Perfectionism implies that you just have really high standards for yourself. Calling your problem perfectionism makes you feel as if you are being virtuous and discerning.
That is not what’s going on here. Yes, obviously you want your work to be great. But you know—at least on an intellectual level—that the process of becoming great involves making a whole lot of OK work first, and accepting the feedback that comes from the outside world, and then utilizing that feedback to get better.
I mean, let’s get real, even if you were able to grow as a creator without feedback (which you’re not, not much, anyway), no one actually makes a whole lot of OK completely on their own in isolation, getting great before going public.
The people who really ARE great endured years of being not great—sometimes pretty awful really—before they got to OK, then decent, then great.
You have to be able to live with the discomfort of knowing what you want to be able to do, and not being able to do it (YET!) and putting it out there anyway.
If you can’t manage to put your non-perfect work into the world, what’s really happening is not that you’ve got high standards (though you may) it’s that you fear what other people will think. You fear that others will criticize and make comments.
That’s completely understandable. We are a social species. We are programmed from eons of evolution in the savannah to look at social criticism as a life-threatening danger. Because that’s what it actually was: if you were outcast from your tribe 30,000 years ago, that could mean literal death. Virtually no one survived without inclusion in a tribe. Humans evolved to avoid conflict and any behavior that could cause the group to reject us.
The good news is, in the modern age, criticism and sniping is virtually risk-free! It hurts, sure, but you won’t be outcast to wander the grasslands until that lion gets you. You just ignore it and move on.
And that’s the worst-case scenario for the vast majority of people.
Most people will put their work out and get nothing but support. Maybe they don’t get as much attention as they might like, but what they do get ranges all the way from 👍 to ❤️ to 🚀 (with the occasional puzzling 🗿 🍳 … who knows why?)
(And BTW the only way to get more attention is to keep going public with your work.)
The standard you’re holding yourself to is not coming from outside. The essential problem with making creative work is that you have to make it for yourself. You have to believe in it. You have to decide it’s worth your time and energy.
The decision to carve out time and attention to make your work is a breathtaking act of ego. You’re saying, “I don’t care what everyone else thinks I should be doing with my time. I know this is what I need to do.”
Living with that firm self-declaration is uncomfortable, if not excruciating.
It requires enormous self-confidence to believe what you’re making is worth making. Think about it: You do very few things in life that are entirely self-motivated and self-produced with little to no support from friends, family, or society at large—pure products of your own desire to act.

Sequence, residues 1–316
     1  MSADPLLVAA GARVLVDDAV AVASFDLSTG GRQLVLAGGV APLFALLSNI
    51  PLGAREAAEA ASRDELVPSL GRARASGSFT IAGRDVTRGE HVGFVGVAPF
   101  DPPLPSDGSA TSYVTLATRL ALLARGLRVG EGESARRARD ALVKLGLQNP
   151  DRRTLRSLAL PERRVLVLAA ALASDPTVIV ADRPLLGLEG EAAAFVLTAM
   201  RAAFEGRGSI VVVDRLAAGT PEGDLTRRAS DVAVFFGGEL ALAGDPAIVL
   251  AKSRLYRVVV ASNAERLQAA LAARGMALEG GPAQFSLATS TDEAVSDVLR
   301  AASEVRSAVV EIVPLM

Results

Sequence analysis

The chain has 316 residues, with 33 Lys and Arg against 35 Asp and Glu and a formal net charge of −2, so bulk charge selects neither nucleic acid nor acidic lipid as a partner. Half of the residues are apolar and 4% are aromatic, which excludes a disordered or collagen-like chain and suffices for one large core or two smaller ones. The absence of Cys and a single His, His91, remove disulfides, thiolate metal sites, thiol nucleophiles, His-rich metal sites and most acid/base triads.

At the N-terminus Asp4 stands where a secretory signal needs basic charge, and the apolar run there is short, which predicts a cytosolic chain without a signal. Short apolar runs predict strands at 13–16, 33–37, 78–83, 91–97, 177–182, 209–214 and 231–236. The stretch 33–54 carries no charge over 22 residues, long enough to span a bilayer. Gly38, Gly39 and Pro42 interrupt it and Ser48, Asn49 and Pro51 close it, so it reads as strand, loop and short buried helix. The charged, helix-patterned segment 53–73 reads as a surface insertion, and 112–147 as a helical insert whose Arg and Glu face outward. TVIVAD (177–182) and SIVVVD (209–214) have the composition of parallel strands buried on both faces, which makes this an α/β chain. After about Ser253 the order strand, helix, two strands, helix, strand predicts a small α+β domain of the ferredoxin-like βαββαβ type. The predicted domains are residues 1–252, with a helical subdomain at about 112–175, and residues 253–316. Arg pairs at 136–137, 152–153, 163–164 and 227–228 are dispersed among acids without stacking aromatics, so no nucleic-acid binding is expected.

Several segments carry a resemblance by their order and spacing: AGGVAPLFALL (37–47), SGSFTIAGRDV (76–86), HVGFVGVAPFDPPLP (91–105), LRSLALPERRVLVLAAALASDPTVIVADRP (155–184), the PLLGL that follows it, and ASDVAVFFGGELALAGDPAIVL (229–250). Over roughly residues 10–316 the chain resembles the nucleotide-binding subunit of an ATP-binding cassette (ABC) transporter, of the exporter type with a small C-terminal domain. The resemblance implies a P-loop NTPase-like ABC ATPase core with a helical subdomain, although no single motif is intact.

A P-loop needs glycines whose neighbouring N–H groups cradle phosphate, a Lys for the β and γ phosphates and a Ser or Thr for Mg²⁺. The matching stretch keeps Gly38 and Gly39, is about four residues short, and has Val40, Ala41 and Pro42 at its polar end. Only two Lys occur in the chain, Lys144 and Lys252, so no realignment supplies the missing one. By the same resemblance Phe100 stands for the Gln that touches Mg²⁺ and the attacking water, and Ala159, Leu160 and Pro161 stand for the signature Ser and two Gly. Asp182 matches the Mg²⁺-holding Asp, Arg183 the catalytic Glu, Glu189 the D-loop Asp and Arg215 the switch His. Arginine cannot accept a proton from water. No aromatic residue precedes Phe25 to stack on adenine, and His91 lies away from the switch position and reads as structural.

So that’s what we’re up against. Let’s be clear on the stakes: This is an existential battle. Existential, meaning: Winning the battle is pivotal to your existence.
Despite the fact that this is a battle—with yourself, not with the outside world—for independence, one of the best ways to win that battle is with the support of a squadron of other battle-hardened vets who are all trying to do what you’re doing: declare with their hours and with their days that this creative work is what really matters.
Sure, you can put your work out there on your own. But how well has that been working for you? If you’re reading this article, it’s because you feel the fear of self-declaration that masquerades as perfectionism. You’ve been letting it hold you back, and you want that to stop.
I believe you do deserve to both make your work and put it out into the world (if that’s your goal).
If having support from like-minded people will help sustain you as you declare your self-belief, get that support. There is no shame in that. In fact, next time I’ll share a story of someone who’s used her creative accountability group to go from virtually never making time to draw or make comics to having that work in her daily and weekly routine, getting noticed, and getting published.
Finding a team of others who are going through what you are is key to leapfrogging the struggle to focus and make the work a part of your daily life.
It’s crucial to calming your fears of critique because you know you have people already on your side.
It’s so important to your creative growth—you’ll be able to get feedback on your work and be working more regularly.
You can start by asking a few people you know (IRL or on social media) if they’re willing to have weekly accountability checkins. Accountability groups are the secret sauce to so many people’s creative success.
The basic idea is that you meet once a week (in person or virtually, in email or an online group) and post your goals for the week, what you did last week, what you struggled with, and then you ask for and offer support.
Read more about how accountability groups work, how to set one up, and what to do once there, in my book Growing Gills.
October 5, 2017 at 6:05 pm
This posting is cool and accurate. I have not made my big comic book project although I’ve started several times. Instead I have painted pictures to sell at local art shows and coffee houses for the money. The comic book work keeps getting pushed back time wise.